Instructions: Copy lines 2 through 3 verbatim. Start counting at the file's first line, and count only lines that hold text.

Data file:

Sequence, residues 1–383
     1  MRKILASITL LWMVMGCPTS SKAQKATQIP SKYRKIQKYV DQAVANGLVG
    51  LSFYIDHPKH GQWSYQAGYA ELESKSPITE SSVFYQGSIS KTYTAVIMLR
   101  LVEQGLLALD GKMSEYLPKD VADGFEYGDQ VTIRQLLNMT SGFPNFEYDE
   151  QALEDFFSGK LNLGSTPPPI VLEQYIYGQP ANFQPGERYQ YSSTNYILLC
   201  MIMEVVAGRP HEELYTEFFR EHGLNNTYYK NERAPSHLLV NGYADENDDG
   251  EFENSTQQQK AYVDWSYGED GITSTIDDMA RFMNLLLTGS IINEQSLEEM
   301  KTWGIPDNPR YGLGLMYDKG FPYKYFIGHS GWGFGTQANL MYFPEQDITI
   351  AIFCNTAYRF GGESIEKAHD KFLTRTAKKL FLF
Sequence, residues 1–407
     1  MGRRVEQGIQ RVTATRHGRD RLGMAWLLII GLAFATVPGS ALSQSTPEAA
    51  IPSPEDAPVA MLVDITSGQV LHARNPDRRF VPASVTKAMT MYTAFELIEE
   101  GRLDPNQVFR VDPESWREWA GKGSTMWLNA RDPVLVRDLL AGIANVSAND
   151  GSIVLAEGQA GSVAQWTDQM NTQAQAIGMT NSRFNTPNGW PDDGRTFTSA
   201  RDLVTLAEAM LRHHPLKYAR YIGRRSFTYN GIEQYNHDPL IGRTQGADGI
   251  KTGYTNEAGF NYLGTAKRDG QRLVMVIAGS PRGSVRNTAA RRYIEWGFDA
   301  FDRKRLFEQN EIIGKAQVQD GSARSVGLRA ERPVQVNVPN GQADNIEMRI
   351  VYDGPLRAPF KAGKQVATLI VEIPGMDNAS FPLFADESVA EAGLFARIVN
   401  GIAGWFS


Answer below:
     1  MRKILASITL LWMVMGCPTS SKAQKATQIP SKYRKIQKYV DQAVANGLVG
    51  LSFYIDHPKH GQWSYQAGYA ELESKSPITE SSVFYQGSIS KTYTAVIMLR